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Posts Tagged ‘Mayawati

Prime Minister Narendra Modi’s popularity registered a sharp decline towards the close of 2018 — merely four and a half years after he had come to power with a bang. During the year he was surrounded by many unsavoury controversies. After the BJP’s drubbing in the Assembly elections in the five States of Rajasthan, Madhya Pradesh, Chhattisgarh, Telangana and Mizoram, he has become more and more incoherent and occasionally irritable in his public speeches. The election results show that he has ceased to be a vote-catcher; rather, he has become a liability for the BJP.
That the people voted decisively against the BJP in all the five States where elections were held in November-December was much too evident. In Rajasthan, Madhya Pradesh and Chhattisgarh the party could not retain its government in spite of spending a scandalous amount of money on the campaign. The BJP had fielded its candidates on almost all the seats in Telangana and Mizoram. BJP general secretary in charge of north-east Ram Madhav had announced much ahead of the polling day in Mizoram: “we are willing to forge an alliance with like-minded non-Congress parties after the elections.” But the BJP could win only one seat out of 39 it contested (Mizoram Assembly has 40 members), and its dream of ruling, directly or indirectly, the entire north-east was shattered. So was the case in Telangana where it was hopeful of an impressive electoral victory to dictate terms to Telangana’s ruling party Telangana Rashtra Samithi (TRS) for an alliance for the 2019 Lok Sabha elections. The BJP could get only one seat in Telangana also.
According to an IndiaSpend analysis of electoral data, the BJP lost more than 70 per cent of the Assembly constituencies where Prime Minister Narendra Modi campaigned in the five States. Uttar Pradesh Chief Minister Yogi Adityanath fared slightly better than Modi, with a winning percentage of 39 as against Modi’s less than 30.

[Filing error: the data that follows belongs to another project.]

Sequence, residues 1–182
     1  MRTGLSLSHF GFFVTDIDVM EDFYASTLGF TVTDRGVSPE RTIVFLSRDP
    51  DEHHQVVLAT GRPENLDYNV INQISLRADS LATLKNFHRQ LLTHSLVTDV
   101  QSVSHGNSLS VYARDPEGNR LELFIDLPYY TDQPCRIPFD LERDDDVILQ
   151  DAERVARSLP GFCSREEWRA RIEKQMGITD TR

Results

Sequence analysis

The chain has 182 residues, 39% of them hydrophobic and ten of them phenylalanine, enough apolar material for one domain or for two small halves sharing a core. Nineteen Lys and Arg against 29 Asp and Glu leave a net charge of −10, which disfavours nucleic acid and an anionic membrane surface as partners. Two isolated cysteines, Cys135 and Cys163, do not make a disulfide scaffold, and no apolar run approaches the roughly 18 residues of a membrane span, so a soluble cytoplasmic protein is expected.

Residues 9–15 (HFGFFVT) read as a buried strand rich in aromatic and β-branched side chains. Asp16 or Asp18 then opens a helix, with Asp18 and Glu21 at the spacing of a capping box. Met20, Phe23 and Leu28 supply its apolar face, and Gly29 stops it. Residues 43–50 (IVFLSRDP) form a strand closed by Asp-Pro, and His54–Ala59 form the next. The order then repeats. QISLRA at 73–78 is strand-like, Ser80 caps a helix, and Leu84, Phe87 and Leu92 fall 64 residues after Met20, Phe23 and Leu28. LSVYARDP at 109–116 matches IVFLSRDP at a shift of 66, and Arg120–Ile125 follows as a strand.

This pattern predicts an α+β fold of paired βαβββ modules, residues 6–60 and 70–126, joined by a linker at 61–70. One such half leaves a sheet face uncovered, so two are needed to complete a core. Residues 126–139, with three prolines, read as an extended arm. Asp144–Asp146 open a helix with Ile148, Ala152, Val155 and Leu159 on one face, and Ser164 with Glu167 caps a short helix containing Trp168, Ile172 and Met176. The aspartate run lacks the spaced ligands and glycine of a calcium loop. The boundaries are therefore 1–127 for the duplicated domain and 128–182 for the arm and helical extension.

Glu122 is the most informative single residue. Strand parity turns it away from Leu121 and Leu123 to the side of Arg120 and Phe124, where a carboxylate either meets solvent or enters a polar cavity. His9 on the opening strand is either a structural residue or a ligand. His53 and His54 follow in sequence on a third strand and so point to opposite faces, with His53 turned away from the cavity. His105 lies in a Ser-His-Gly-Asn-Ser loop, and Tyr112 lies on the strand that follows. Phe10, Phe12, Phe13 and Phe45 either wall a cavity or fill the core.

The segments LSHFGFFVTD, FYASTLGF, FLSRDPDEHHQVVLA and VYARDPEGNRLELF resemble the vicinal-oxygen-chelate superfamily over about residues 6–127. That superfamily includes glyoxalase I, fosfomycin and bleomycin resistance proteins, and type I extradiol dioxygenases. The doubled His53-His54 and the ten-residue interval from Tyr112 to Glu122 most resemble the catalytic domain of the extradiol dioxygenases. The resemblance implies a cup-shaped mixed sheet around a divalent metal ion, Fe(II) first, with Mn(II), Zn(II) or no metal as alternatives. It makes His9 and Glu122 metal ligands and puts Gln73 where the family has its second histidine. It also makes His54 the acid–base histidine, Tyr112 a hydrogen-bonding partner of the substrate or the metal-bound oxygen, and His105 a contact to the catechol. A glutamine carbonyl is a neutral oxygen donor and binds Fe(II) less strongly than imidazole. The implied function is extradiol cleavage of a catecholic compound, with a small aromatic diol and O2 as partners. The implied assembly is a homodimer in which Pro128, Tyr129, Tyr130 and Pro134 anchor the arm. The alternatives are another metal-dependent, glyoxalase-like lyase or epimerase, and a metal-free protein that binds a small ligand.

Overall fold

Even though Prime Minister Modi’s two major “achievements” did not figure prominently in the high-pitched campaigns, these two seemed to have considerably influenced the mind of the voters, particularly in the three Hindi heartland States of Rajasthan, Madhya Pradesh and Chhattisgarh. The scars created by the demonetisation on the middle and lower classes have not healed so far. Similarly, the GST continues to be a sore point with the middle rung traders. The party leaders in the three States were apparently aware of this because the party in the three States did not seek the vote in the name of Narendra Modi but in the names of their chief ministers, Vasundhara Raje in Rajasthan, Shivraj Singh Chouhan in Madhya Pradesh and Raman Singh in Chhattisgarh. In the full page newspaper advertisements also, the photos of the chief ministers were displayed prominently while a small photo of Narendra Modi was tucked behind the chief minister of the State.
The people just wanted to oust the BJP in the three States though they did not repose full confidence in the Congress, except in Chhattisgarh where it won 68 seats in a House of 90. The BJP got only 15 seats. Former Congress Chief Minister Ajit Jogi had formed his own party Janta Congress Chhattisgarh (JCC). He had entered into an alliance with Mayawati’s Bahujan Samaj Party (BSP) in the hope of emerging as an alternative to the BJP and the Congress but the alliance could get only 7 seats — JCC 5 and BSP 2.